What Does Your Scale Say?

Over the Thanksgiving holiday weekend, I was thinking about the launch of my new business offering for solo entrepreneurs and my continued work with executives, and the word “scale,” as in “scalability,” kept popping into my head.  For fun, I looked up the definition of “scale” and learned that it has a lot of meanings, including that stuff that killed a couple of my large outdoor plants this year, to the scales that I practiced on the piano so many times as a girl, to the one that seems to groan at me when I step on it after Thanksgiving. 

The definition that really resonated with me, however, is this one: to scale is “to climb or ascend; to rise in steps or stages.” ( What I know to be true after working in leadership roles and also starting my own business years ago is that there are only so many hours in a day, and at some point, there is no way to make more of me to go around. The only way to scale is to leverage time and other people to truly climb or ascend to larger goals and better outcomes.

See if this resonates with you. You are the best person for the job because of your vision, technical expertise, years in the business, all of the above or something else. You have a proven track record for success, and you are valued by others, who might be customers, employees or a larger community. You are drawn to take on more and say “yes” to things that perhaps are not the best use of your time, like a June Bug is drawn to the light over your front door. Then you wake up one morning so tired that you can’t move, with a full calendar and no end in sight. And the real kicker is that you’ve been here before; you recognize the symptoms and wonder how to end this cycle of doing more and still not having the breakthrough that you want.

What got you here won’t get you there.  

Notice whether your answer too often to the question “Who will get this done?” is “ME!” Sometimes our habit is to over-promise and over-commit, which means we set ourselves up to do less than our best work. Or we always seem to pull it off, but at great cost to the mental and physical well-being of ourselves and others. I recognize and own that habit, hence the girl with the cape in my logo.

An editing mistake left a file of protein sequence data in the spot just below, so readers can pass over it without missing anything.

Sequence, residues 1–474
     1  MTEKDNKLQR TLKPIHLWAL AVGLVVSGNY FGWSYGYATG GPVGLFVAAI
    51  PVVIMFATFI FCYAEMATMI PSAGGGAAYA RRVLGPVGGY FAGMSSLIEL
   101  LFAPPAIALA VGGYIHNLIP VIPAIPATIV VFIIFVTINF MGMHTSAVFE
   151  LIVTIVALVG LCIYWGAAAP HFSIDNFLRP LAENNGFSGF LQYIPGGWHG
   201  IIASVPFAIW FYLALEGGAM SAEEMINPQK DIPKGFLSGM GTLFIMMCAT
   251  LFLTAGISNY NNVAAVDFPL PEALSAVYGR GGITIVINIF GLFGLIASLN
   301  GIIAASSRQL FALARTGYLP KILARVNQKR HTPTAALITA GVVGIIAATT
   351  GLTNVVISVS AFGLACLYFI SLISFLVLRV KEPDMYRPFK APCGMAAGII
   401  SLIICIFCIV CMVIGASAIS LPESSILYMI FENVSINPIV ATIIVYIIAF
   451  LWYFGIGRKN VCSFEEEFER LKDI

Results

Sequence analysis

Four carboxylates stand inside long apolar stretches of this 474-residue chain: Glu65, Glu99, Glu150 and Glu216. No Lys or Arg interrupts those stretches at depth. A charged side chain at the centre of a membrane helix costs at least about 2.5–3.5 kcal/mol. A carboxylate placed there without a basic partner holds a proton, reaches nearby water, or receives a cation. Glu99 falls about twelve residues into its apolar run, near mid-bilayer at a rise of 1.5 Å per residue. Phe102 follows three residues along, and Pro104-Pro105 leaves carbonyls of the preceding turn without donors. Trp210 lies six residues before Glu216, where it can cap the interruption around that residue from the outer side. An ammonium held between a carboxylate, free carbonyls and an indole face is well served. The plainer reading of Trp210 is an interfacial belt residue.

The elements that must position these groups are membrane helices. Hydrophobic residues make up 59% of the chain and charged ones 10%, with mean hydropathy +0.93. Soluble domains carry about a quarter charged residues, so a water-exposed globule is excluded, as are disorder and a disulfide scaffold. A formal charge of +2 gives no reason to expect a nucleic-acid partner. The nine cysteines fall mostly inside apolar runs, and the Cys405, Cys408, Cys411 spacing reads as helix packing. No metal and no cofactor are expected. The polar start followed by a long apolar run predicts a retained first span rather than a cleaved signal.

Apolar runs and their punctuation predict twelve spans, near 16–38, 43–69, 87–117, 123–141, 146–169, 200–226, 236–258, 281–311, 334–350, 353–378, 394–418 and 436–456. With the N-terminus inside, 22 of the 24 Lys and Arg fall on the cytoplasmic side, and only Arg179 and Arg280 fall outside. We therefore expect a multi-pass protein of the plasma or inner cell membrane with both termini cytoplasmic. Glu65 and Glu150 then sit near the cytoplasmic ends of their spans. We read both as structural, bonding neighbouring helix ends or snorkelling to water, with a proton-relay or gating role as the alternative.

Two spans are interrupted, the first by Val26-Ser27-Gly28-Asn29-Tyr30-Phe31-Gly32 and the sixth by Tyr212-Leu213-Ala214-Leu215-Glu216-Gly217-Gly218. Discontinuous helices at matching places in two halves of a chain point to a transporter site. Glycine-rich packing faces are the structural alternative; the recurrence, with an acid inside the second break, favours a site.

Here are a few questions that might give you some insights into how to shift your focus to help you scale yourself, your business and your team to achieve more with less stress and better outcomes:

  • What is the most important accomplishment for me to achieve (in my life, in the next six months or some other timeframe that is important to you)?
  • If I accomplish this, what will happen for others? For myself? For the organization?
  • How am I preventing myself and others from focusing on the highest and best use of our time and talents?
  • How am I willing to be different in order to have a different outcome?
  • What do I want to start or stop doing today?

Start with these questions and see where they lead you. Begin with identifying some simple steps that will help you get started. Ask others for their insights into where you have opportunities to delegate, simplify or build more structure and support around your priorities. Identify those habits that trigger you into limiting your ability to scale.  

Make the time to answer these questions, and then begin taking those small steps. From personal experience, I can tell you that you will be rewarded as you pass through a number of stages on your ascent towards your desired future.